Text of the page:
Swedish media first reported the incident on Saturday, September 15 (Aftonbladet). On Sunday, September 16, the Swedish Embassy finally responded to the issue.  A statement on their official Weibo account said that the Embassy is aware of the case and is assigning a special prosecutor to investigate the case and to determine whether or not the Swedish police have used improper violence. As clarified by a spokesperson of the Embassy of Sweden to What’s on Weibo: “The Embassy has not assigned the special prosecutor, as you can read in our statement. Instead, the prosecutor is assigned automatically every time an incident of alleged police misconduct is reported.”

According to a column on the website of English-language Chinese state broadcaster CGTN, the incident is now also one about a Swedish human rights protection:

(..) the way the local police in downtown Stockholm conducted themselves during the incident in a city hotel and on the streets on September 2 has inevitably raised questions over Sweden’s ability to protect human rights and conduct law enforcement in a civilized manner.”

 

SOCIAL MEDIA RESPONSES

Is this the police or the criminal underworld?

 

On Chinese social media, responses to the incident have been mixed. Many people feel that the family unnecessarily “made a big scene,” and condemn the young Mr. Zeng for “falling down on the ground as a crying baby.” They also say that these Chinese tourists are a “disgrace”: “They might as well have buried them at the graveyard,” some commenters write.

But there are also those who do not understand why the Swedish police handled the case in this way, taking the family in a police car and dropping them on a suburban curbside some six kilometers away, instead of bringing them to the police station or another hotel for the night.

“Perhaps the behavior of these three Chinese citizens was not very appropriate, but two of them are old people, they are not familiar with the area. To throw them out in the early morning, miles away at a cemetery where there are no hotels or stores, is really incorrect behavior by the Swedish police.”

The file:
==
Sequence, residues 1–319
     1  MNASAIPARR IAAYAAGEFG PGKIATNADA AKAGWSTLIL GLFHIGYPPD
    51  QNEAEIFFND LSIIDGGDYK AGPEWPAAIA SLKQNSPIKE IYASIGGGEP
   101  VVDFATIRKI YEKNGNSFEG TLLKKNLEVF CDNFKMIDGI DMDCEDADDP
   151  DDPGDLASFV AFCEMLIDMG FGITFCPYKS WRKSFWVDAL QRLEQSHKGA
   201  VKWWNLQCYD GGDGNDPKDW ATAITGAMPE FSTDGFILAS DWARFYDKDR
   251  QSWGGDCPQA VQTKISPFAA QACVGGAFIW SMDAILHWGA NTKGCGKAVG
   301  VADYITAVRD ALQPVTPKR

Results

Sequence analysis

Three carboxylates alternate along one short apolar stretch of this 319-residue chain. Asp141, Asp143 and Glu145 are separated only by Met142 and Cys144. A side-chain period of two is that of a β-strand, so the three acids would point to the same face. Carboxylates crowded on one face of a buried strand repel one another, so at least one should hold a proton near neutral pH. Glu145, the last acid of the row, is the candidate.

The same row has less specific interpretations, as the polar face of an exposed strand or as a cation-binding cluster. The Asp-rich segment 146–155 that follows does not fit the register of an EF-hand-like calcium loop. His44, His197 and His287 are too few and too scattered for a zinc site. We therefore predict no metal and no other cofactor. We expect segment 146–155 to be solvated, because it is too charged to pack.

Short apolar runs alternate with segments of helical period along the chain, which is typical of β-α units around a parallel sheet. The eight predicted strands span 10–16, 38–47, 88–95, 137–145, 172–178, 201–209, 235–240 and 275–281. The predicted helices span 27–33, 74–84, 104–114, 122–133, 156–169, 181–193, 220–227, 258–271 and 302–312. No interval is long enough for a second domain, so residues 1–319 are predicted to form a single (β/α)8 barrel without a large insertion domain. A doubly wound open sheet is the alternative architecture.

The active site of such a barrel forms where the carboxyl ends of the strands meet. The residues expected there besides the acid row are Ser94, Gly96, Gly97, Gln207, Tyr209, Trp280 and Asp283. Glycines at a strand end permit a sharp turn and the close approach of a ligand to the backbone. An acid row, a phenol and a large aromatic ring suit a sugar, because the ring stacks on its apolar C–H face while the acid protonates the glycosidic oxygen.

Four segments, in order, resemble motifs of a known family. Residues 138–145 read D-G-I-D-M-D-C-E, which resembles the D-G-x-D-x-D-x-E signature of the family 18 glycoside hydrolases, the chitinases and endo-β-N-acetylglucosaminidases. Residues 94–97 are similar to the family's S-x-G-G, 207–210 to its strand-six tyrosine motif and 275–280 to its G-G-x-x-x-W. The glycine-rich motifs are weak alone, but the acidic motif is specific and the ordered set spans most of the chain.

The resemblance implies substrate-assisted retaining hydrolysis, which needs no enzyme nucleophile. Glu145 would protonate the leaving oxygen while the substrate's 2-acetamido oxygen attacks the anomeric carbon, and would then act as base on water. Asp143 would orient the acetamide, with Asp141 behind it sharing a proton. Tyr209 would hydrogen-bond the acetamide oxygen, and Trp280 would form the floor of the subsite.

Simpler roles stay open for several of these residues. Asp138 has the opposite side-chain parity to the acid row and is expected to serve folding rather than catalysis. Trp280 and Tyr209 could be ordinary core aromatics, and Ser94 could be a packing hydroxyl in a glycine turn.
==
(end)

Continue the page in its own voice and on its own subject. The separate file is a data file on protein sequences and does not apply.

From hotel lobby to suburban curbside; screenshot posted by Chinese netizens.

One well-known law blogger (@易辩任煜) wrote on Weibo: “It’s ok to enforce law and to bring people back to the police station and to give them a fine or something like that, but to throw them out like that? Is this the police or the criminal underworld?

There are also Chinese (micro-) bloggers who claim that the fact that this incident is making headlines in Chinese state media now relates to the Dalai Lama’s recent visit to Sweden, writing: “China just needs a reason to put pressure on them.”

“This is all about the visit of the Dalai Lama Sweden on the 12th,” many others claim.

By now, the hashtag “Chinese Tourists Maltreated by Swedish Police” (#中国游客遭瑞典警察粗暴对待#) has received more than 100 million views.

This is not the first time the maltreatment of Chinese tourists abroad receives mass attention in Chinese media. In January of 2016, pictures and a video of two Dutch boys emptying boxes of milk powder over Chinese tourists in Amsterdam also ignited major discussions.

The milkpowder incident.

In 2017, a video of a Chinese-looking man being dragged out of an overbooked United Airlines flight also went viral online in China, attracting tens of thousands of outraged posts on the discrimination of Chinese abroad. It later turned out that the passenger involved in the incident, now called the “United Express Flight 3411 Incident“, was not a Chinese citizen, but a 69-year-old Asian-American doctor from Kentucky.

About this incident, some Chinese social media users say that they think it will affect international relations between China and Sweden.

Update: since this original article was published on Sunday (Sept 16), this news item has made international headlines. For the latest developments and news facts in this matter check, for example, this Washington Post article.

By Manya Koetse
With contributions by Miranda Barnes

Spotted a mistake or want to add something? Please let us know in comments below or email us.

©2018 Whatsonweibo. All rights reserved. Do not reproduce our content without permission – you can contact us at info@whatsonweibo.com.

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What’s on Weibo provides social, cultural & historical insights into an ever-changing China. What’s on Weibo sheds light on China’s digital media landscape and brings the story behind the hashtag. This independent news site is managed by sinologist Manya Koetse. Contact info@whatsonweibo.com. ©2014-2018